Those thoughtless words we spoke were but a blow
And rankled in the heart of some dear friend—
And some kind word to one with cares oppressed
May cheer their heart till they are blessed,
And in return we get some cheerful word from those who love us yet.
And when we have no kind friend to linger near
Some ray of sunshine as from clouds above
Will fill our hearts with peace, content and love.
O, speak the word of comfort now and here
Before the flowers are scattered o’er the bier.

4. A Sermon in Rhyme

       by Anonymous

If you have a friend worth loving,
Love him. Yes, and let him know
That you love him ere life’s evening
Tinge his brow with sunset glow;
Why should good words ne’er be said
Of a friend—till he is dead?

If you hear a song that thrills you,
Sung by any child of song,
Praise it. Do not let the singer
Wait deserved praises long;
Why should one that thrills your heart
Lack that joy it may impart?

If you hear a prayer that moves you
By its humble pleading tone,
Join it. Do not let the seeker
Bow before his God alone;
Why should not your brother share
The strength of “two or three” in prayer?

If you see the hot tears falling
From a loving brother’s eyes,
Share them, and by sharing,
Own your kinship with the skies;
Why should anyone be glad,
When his brother’s heart is sad?

If a silver laugh goes rippling
Through the sunshine on his face,
Share it. ‘Tis the wise man’s saying,
For both grief and joy a place;
There’s health and goodness in the mirth
In which an honest laugh has birth.

If your work is made more easy
By a friendly helping hand,
Say so. Speak out brave and truly,
Ere the darkness veil the land.
Should a brother workman dear
Falter for a word of cheer?

Scatter thus your seed of kindness,
All enriching as you go—
Leave them, trust the Harvest-Giver;
He will make each seed to grow.
So, until its happy end,
Your life shall never lack a friend.

5. Small Beginnings

       by Charles Mackay

A traveler on the dusty road
Strewed acorns on the lea;
And one took root and sprouted up,
And grew into a tree.
Love sought its shade, at evening time,
To breathe his early vows;
And age was pleased, in heats of noon,
To bask beneath its boughs;
The dormouse loved its dangling twigs,
The birds sweet music bore;
It stood a glory in its place,
A blessing evermore.

A little spring had lost its way
Amid the grass and fern,
A passing stranger scooped a well
Where weary men might turn;
He walled it in, and hung with care
A ladle at the brink;
He thought not of the deed he did,
But judged that all might drink.
He paused again, and lo! the well,
By summer never dried,
Had cooled ten thousand parching tongues
And saved a life beside.

A dreamer dropped a random thought;
‘Twas old, and yet ’twas new;
A simple fancy of the brain,
But strong in being true.
It shone upon a genial mind,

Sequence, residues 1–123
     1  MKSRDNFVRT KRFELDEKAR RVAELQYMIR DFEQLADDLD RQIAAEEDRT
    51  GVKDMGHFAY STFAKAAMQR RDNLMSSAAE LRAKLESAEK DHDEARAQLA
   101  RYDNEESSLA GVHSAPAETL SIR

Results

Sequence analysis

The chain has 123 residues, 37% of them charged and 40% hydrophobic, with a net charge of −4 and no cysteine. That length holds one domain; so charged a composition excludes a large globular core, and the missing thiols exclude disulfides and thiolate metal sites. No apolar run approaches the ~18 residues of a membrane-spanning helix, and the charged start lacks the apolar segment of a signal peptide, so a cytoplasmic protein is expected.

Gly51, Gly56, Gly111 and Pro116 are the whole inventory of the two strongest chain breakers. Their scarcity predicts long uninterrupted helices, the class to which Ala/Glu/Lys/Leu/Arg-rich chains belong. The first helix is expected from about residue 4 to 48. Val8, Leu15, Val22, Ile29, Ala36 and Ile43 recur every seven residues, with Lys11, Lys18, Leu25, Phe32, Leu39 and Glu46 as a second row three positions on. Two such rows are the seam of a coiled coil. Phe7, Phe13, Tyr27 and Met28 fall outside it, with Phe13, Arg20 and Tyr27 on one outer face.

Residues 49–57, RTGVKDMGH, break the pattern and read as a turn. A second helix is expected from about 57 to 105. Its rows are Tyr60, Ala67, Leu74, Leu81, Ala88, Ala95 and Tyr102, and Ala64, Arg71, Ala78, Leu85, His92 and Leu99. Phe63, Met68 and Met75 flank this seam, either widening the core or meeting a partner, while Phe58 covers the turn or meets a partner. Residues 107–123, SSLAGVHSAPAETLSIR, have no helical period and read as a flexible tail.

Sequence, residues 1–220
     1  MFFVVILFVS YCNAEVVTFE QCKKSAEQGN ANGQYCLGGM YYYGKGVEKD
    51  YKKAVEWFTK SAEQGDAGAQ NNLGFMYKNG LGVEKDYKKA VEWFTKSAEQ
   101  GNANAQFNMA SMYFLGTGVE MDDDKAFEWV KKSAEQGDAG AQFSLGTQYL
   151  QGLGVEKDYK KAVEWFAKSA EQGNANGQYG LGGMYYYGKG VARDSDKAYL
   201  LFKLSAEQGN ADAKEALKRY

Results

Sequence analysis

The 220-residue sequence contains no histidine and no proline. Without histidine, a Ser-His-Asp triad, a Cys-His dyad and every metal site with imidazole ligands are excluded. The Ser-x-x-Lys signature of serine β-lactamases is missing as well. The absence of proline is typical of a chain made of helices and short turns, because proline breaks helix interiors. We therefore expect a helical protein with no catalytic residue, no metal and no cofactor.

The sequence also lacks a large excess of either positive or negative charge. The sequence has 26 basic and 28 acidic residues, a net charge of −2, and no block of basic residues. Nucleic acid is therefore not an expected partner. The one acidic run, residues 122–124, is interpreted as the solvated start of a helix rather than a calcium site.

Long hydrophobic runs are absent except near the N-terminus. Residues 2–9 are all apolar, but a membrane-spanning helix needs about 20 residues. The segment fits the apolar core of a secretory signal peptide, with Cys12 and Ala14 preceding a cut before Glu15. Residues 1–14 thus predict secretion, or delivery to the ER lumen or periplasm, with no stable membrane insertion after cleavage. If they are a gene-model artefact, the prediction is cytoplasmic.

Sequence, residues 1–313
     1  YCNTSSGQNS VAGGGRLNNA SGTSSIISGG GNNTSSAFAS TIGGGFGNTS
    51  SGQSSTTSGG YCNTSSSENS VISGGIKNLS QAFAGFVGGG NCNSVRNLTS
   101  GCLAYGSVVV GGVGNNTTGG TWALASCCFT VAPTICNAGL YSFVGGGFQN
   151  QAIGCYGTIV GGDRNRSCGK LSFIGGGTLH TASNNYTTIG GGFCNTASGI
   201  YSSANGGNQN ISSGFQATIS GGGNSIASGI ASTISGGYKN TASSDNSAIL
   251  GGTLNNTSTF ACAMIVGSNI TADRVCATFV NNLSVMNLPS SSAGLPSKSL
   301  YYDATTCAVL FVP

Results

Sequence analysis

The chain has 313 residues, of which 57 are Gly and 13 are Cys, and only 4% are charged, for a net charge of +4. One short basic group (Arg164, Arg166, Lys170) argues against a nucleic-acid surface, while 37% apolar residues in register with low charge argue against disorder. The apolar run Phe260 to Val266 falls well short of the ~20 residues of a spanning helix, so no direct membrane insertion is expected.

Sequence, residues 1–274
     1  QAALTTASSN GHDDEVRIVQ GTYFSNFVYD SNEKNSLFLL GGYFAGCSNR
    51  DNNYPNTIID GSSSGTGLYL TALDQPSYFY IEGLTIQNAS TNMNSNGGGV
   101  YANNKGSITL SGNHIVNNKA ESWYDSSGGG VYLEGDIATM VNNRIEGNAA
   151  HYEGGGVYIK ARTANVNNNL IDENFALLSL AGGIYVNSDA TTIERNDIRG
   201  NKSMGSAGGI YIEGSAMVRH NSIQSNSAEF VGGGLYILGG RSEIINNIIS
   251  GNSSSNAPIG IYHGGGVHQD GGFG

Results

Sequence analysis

And, lo! its light became
A lamp of life, a beacon ray,
A monitory flame;
The thought was small, its issue great;
A watch-fire on the hill;
It shed its radiance far adown,
And cheers the valley still.

A nameless man, amid a crowd
That thronged the daily mart,
Let fall a word of Hope and Love,
Unstudied from the heart;
A whisper on the tumult thrown,
A transitory breath—
It raised a brother from the dust,
It saved a soul from death.
O germ! O fount! O word of love!
O thought at random cast!
Ye were but little at the first,
But mighty at the last.

6. Kindness

       by Sylvia Plath

Kindness glides around my house.
Dame Kindness, she is so nice!
The blue and red jewels of her rings smoke
In the windows, the mirrors
Are filling with smiles.

What is so real as the cry of a child?
A rabbit’s cry may be wilder
But it has no soul.
Sugar can cure everything, so Kindness says.
Sugar is a necessary fluid,

Its crystals a little poultice.
O kindness, kindness
Sweetly picking up pieces!
My Japanese silks, desperate butterflies,
May be pinned any minute, anesthetized

And here you come, with a cup of tea
Wreathed in steam.
The blood jet is poetry,
There is no stopping it.
You hand me two children, two roses.

Final Thoughts on Poems about Kindness

We hope you find these poems about kindness to be useful. Every year, we observe World Kindness Day, a day dedicated here to simple but soul-sustaining virtue of being kind to one another.

Let us choose kindness for ourselves and others as we commemorate this day and all it represents. The poems about kindness we shared with you will get you started.

In a constantly hurried and indifferent society, kindness might be an undervalued virtue. It is a term we frequently use in interactions with small kids when we advise them to get along with a fellow creature or a new friend.

These kindness poems educate us that generosity may take various forms and that a nice deed does not have to be time-consuming or difficult. We’ve also shared some of poems about kindness by Naomi Shihab Nye with you. So put them to good use.